The University must abide by laws just like any other person or organisation in Australia. As such, any statements made to the University by the accused person are not made under protections available to an accused person in a criminal process. The police can obtain statements made by the accused person to the University and produce them in evidence in any later criminal trial. Hence, if the University demands from the accused person details about their version of events, this material may be used in a later criminal trial.
In these cases, the University, after ensuring the safety of students, suspends the conduct of its investigation pending the outcome of the police investigation.
Police may charge and prosecute the accused person or police may decide that the standard of evidence required for a criminal prosecution is not sufficient and decline to prosecute. Where the position of the police is known the University can determine how to progress its own investigation.
Can an anonymous complaint be made?
For the most part, sexual harassment or sexual assault involves two or more people. It is not possible for the accused person to respond to an allegation that they have engaged in sexual harassment or sexual assault unless a report has been made.
Where the University receives a number of reports about the actions of a particular student or staff member and where the students making the allegations wish to remain anonymous, the University may be able to consider taking action.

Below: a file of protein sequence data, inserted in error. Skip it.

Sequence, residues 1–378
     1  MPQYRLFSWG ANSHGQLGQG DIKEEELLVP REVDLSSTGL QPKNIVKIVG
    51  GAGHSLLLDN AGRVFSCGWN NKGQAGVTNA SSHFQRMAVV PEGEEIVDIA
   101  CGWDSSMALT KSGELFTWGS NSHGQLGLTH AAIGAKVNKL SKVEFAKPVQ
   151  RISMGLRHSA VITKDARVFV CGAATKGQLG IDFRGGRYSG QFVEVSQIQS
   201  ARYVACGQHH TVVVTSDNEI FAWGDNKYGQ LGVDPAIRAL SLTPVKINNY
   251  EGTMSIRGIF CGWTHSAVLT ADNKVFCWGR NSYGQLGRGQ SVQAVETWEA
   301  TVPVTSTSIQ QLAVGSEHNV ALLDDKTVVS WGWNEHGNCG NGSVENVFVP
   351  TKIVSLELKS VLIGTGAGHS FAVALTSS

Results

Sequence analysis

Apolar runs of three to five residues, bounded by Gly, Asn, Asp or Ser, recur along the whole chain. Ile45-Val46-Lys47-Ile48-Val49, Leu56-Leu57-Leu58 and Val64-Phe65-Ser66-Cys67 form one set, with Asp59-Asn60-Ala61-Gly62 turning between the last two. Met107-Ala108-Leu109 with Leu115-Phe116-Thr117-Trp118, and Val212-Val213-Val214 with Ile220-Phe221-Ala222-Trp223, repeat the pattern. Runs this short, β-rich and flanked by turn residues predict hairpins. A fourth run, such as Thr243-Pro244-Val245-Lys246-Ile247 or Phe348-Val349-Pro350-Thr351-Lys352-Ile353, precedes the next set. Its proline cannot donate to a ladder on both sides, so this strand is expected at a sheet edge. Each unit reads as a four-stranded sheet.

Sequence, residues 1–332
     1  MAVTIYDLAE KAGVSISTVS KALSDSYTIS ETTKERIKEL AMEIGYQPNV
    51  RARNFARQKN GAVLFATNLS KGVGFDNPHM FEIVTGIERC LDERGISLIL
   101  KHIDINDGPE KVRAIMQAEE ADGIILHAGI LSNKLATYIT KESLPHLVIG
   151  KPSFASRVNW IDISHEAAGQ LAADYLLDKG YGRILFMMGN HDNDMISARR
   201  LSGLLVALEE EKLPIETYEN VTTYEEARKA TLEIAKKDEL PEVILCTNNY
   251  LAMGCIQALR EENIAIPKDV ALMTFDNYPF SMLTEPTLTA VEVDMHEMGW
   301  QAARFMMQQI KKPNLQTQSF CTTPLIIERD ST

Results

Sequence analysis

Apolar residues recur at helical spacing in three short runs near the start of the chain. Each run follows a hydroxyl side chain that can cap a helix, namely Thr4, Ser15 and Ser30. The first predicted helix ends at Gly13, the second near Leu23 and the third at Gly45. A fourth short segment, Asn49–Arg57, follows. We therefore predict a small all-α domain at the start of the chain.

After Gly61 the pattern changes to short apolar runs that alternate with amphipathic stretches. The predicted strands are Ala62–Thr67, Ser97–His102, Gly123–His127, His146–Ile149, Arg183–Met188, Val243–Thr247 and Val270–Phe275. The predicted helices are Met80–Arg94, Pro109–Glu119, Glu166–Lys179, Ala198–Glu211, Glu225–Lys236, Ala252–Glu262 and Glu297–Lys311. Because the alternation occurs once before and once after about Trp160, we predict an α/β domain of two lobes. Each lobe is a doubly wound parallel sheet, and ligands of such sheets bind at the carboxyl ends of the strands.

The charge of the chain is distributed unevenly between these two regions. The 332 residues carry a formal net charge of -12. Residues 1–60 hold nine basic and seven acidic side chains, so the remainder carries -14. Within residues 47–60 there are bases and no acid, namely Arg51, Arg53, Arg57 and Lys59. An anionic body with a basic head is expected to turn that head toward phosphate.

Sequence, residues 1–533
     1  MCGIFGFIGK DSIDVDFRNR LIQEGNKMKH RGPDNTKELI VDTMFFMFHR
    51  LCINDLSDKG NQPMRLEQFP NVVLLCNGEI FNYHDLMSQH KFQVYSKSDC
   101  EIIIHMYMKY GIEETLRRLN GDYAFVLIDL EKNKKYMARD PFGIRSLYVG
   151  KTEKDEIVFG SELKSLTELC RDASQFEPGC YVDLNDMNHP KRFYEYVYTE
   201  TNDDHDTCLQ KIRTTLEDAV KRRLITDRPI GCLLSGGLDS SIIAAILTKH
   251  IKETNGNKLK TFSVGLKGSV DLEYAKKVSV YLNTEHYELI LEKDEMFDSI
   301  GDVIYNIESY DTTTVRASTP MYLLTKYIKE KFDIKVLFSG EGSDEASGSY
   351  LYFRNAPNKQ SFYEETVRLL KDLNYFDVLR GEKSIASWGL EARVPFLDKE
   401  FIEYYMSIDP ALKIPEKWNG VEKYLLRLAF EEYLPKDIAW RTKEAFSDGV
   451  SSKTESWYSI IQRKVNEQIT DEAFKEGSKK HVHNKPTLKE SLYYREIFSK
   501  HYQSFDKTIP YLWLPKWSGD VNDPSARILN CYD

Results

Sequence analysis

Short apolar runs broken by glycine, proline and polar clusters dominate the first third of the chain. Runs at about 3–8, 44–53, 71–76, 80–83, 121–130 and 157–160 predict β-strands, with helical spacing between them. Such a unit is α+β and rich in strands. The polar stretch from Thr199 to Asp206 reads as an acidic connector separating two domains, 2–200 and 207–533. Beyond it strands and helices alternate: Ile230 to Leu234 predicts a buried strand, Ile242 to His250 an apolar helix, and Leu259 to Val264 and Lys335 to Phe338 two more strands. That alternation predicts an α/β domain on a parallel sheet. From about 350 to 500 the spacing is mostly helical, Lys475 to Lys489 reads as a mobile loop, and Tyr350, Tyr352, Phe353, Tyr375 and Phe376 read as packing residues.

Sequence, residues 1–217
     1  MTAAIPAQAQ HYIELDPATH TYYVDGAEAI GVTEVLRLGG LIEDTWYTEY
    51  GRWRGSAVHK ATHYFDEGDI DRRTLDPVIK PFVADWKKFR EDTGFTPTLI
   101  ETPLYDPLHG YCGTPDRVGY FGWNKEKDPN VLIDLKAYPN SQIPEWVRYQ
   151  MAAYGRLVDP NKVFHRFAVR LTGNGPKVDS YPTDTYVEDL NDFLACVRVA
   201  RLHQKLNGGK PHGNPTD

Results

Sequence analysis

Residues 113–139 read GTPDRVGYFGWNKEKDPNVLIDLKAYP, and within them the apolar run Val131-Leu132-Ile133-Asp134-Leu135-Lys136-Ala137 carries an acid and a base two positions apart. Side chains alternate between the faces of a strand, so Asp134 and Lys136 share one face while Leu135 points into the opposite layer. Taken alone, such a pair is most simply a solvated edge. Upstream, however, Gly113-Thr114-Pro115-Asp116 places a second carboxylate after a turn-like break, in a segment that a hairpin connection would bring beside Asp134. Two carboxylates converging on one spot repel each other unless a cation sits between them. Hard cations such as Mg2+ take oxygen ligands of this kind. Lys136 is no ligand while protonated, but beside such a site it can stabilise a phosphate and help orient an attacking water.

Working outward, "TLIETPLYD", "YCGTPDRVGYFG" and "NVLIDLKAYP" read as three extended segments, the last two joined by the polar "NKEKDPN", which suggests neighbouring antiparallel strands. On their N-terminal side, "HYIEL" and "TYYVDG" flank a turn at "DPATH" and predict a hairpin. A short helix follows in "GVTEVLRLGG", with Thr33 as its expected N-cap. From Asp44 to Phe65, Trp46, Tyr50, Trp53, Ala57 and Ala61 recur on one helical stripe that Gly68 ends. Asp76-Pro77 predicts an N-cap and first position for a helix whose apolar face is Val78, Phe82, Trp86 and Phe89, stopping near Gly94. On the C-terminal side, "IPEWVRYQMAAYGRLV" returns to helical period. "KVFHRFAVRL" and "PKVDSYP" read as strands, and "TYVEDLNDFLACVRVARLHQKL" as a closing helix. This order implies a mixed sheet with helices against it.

The University would investigate situations that are enabling a particular student or staff member to engage in inappropriate conduct so that measures are put in place to reduce the likelihood of further incidents occurring.
What if I want to let the University know but I don't want to make a formal report?
Seeking support from providers such as the ANU Counselling Centre, the Dean of Students or student assistance officers can help clarify the options open to you.
The options include both formal processes (through the police or using the University's formal grievance process) and informal processes. The Dean of Students can advise what informal approaches could be applied in your situation. These approaches are generally focused on your ongoing personal safety.
It is the student's decision to determine if a formal grievance is lodged. No time limit applies for making complaints although there are potential limitations on action that can be taken by the University if evidence has been lost or destroyed with the passage of time, or one or both parties have left the University.
Can former students face investigation?